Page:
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Subject: Re: [boost] [thread] terminating destructor
From: Rob Stewart (robertstewart_at_[hidden])
Date: 2012-10-13 05:35:19

On Oct 12, 2012, at 4:24 PM, "Vicente J. Botet Escriba" <vicente.botet_at_[hidden]> wrote:

> Le 10/10/12 14:56, Andrzej Krzemienski a écrit :
>> 2012/10/10 Vicente J. Botet Escriba <vicente.botet_at_[hidden]>
>>> Le 10/10/12 10:23, Andrzej Krzemienski a écrit :
>>> Hi,
>>>> I can see in the release notes that in Boost 1.52 boost::thread's
>>>> destructor calls terminate if joinable, in order to conform to C++11
>>>> specification. I am not sure if this is the best course of action.
>>>> My understanding -- form the C++ Committee papers and informal
>>>> presentations -- is that the reason for introducing a 'terminating
>>>> destructor' was the lack of thread cancellation/interruption
>>>> functionality.
>>>> Thread interruption is supposed to be the preferred behavior for thread's
>>>> destructor. std::thread does not support interruption (for some reasons),
>>>> but boost::thread does (this is already a departure from C++11), so
>>>> shouldn't the latter prefer to interrupt a joinable thread in the
>>>> destructor?
>>> yes this is a possible alternative to the standard behavior. But what to
>>> do after interrupting, joining? What others think? Anthony?
>> My preference would be to join after the interruption. If I remember
>> correctly, the argument against joining for std::thread is that there would
>> be an unexpected hang upon reaching the end of the scope.

That seems a reasonable argument.

>> The argument
>> against detaching for std::thread is that the detached thread may be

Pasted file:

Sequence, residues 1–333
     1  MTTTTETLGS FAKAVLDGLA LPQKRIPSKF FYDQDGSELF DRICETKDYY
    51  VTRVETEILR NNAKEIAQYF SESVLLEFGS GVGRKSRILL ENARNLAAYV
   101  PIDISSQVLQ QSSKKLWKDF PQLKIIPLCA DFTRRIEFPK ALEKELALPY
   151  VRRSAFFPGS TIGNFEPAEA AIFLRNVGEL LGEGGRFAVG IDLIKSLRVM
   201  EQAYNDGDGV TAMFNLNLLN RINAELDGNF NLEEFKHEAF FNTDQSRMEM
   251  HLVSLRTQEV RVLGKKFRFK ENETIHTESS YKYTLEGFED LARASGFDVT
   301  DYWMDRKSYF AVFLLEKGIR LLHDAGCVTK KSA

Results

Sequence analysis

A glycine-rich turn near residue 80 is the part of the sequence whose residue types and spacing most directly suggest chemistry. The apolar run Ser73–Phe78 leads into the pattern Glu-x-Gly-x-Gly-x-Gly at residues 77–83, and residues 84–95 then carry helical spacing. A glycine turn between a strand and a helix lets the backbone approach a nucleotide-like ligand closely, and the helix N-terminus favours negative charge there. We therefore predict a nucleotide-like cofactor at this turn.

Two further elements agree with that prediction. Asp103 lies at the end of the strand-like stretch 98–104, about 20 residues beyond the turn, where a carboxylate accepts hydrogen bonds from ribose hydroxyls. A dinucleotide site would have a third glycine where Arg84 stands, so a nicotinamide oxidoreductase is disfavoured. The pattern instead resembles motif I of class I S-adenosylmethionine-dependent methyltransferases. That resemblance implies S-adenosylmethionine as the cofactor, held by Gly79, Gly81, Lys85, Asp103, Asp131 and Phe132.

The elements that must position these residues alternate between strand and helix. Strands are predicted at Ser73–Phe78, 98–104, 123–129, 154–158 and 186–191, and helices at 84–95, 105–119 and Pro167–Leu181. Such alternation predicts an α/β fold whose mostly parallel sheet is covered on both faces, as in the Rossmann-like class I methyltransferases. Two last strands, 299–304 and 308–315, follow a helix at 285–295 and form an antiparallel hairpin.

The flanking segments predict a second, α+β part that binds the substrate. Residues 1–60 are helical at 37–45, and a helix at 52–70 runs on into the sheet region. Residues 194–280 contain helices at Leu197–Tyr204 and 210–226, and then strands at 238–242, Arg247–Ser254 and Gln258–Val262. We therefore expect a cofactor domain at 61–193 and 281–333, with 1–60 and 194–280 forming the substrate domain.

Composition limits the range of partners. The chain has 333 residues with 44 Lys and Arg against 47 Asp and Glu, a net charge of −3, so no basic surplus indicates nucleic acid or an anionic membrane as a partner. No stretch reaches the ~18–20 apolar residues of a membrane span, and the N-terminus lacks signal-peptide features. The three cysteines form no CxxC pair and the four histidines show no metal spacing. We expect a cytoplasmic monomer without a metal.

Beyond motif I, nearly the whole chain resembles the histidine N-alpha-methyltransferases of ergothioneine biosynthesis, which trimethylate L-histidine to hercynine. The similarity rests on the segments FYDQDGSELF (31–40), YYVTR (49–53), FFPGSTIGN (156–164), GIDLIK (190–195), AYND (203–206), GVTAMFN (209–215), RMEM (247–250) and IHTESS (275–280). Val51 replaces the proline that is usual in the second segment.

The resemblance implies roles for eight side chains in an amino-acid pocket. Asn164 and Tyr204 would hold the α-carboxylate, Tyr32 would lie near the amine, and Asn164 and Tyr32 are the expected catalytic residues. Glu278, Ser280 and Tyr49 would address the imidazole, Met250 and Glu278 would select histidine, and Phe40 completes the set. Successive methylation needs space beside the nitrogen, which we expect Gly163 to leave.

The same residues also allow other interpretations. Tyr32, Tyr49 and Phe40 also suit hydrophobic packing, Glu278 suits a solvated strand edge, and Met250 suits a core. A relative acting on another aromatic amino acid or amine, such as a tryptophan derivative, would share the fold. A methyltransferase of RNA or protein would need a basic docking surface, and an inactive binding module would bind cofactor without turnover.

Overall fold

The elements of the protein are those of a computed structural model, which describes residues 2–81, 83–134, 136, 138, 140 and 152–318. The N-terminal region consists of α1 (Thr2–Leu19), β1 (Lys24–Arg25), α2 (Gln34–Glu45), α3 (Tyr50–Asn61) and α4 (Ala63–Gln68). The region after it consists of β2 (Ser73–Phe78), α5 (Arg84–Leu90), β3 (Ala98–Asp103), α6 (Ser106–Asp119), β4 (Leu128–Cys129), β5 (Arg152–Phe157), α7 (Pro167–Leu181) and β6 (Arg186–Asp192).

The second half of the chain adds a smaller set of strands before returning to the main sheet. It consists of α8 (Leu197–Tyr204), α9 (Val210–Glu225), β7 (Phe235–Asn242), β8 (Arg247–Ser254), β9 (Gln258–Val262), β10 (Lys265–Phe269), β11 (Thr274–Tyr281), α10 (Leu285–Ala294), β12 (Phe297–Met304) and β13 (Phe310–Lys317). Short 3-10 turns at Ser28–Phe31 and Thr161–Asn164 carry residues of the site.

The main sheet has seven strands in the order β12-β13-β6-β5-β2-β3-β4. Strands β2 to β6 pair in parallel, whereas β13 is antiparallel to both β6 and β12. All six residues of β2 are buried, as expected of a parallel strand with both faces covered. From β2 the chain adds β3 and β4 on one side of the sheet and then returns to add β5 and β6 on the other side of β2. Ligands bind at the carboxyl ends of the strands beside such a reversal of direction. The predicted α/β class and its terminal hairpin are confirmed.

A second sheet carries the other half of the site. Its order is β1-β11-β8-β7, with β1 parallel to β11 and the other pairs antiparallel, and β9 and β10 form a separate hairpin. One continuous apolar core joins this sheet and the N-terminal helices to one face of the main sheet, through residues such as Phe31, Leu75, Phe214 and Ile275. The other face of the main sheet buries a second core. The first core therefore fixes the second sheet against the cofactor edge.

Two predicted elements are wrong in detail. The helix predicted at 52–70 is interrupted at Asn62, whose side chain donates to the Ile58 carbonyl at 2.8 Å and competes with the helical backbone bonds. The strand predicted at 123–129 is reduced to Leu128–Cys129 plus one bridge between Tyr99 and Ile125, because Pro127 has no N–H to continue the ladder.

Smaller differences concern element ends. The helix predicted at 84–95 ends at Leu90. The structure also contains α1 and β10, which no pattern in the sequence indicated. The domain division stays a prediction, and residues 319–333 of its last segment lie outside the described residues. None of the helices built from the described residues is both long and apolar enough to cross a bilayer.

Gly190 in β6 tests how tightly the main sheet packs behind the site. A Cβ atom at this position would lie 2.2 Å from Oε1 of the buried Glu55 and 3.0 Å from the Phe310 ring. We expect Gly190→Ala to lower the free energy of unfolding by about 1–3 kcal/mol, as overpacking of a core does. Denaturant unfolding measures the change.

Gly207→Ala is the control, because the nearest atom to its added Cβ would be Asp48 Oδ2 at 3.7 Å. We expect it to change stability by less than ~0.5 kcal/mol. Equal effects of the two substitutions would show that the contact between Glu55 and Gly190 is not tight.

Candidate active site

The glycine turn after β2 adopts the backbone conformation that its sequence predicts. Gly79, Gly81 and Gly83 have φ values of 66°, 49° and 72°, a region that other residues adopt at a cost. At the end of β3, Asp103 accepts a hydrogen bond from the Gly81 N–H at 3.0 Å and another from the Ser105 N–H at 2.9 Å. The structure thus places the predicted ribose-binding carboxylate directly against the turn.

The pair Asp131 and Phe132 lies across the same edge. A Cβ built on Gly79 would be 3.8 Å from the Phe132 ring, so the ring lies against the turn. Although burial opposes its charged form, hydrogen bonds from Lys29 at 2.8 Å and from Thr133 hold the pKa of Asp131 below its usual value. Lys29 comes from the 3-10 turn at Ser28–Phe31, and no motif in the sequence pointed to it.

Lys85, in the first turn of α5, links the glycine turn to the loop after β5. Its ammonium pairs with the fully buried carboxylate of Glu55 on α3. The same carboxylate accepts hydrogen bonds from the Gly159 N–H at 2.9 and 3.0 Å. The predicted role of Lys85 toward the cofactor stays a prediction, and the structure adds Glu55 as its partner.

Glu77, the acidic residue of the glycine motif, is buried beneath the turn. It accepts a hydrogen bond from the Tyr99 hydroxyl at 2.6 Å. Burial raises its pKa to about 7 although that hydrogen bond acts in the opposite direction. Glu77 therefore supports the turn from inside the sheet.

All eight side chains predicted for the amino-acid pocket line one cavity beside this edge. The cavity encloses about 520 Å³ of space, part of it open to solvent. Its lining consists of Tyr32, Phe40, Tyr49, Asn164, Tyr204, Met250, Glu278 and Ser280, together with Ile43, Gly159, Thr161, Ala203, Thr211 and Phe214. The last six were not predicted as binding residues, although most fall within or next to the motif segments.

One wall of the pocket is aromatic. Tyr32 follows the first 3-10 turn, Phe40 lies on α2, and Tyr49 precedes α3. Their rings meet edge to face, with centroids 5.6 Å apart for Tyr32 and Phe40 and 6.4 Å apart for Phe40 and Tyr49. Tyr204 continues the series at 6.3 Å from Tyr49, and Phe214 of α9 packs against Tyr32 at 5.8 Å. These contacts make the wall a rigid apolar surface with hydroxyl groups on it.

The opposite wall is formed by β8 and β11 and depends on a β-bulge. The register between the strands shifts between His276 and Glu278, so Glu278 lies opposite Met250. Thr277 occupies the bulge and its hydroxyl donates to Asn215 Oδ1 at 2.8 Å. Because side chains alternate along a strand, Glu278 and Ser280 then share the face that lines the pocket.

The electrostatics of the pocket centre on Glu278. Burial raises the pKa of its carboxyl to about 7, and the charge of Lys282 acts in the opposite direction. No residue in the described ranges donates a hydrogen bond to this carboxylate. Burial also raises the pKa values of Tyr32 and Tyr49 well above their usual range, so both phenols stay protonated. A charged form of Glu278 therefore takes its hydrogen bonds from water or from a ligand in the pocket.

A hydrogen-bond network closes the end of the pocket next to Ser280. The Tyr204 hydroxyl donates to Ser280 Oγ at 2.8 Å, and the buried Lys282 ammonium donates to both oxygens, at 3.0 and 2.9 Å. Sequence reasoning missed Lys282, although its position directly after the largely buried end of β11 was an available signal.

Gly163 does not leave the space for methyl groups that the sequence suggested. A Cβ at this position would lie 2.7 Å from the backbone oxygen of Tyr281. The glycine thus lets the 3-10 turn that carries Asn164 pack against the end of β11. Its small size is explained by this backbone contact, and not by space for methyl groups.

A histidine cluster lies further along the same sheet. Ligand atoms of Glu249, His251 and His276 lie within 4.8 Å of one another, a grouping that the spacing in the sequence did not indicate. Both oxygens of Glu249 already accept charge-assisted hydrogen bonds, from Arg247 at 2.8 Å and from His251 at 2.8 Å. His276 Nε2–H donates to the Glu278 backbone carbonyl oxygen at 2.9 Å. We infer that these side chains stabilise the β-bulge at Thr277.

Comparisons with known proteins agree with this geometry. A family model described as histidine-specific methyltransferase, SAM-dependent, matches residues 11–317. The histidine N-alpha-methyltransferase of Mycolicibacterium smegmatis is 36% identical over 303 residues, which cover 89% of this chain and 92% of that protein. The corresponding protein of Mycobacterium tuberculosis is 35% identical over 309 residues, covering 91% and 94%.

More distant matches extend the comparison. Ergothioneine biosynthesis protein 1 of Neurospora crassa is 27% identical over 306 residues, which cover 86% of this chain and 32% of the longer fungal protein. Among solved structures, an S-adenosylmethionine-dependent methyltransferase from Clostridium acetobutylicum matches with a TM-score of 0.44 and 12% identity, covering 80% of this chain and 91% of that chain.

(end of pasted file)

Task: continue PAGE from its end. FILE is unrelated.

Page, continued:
>> holding references to automatic variables defined in the scope of the
>> forking thread that we are now exiting.

That seems like too much nannyism. C++ already has many ways to do similar things, so why be so concerned with this one case?

>> I believe that with thread interruption in place the argument against
>> joining is mitigated, while the argument against detaching still holds.
> I've though more about your suggestion, and it seems to me that it has the same drawbacks as joining directly. The point is that interrupting a thread doesn't ensures that the thread will finish soon, as the thread could not call any interruption point, so that joining them later could take an undefined time.

I agree. Hanging like that during stack unwinding would be painful. At least with terminate, you'd realize the problem.

MT requires knowledge and skill. Too much handholding gets in the way and encourages naive users to get in over their head.

If someone wants a thread to interrupt and join on destruction, they need only put the thread object in another object and have that destructor interrupt and join.


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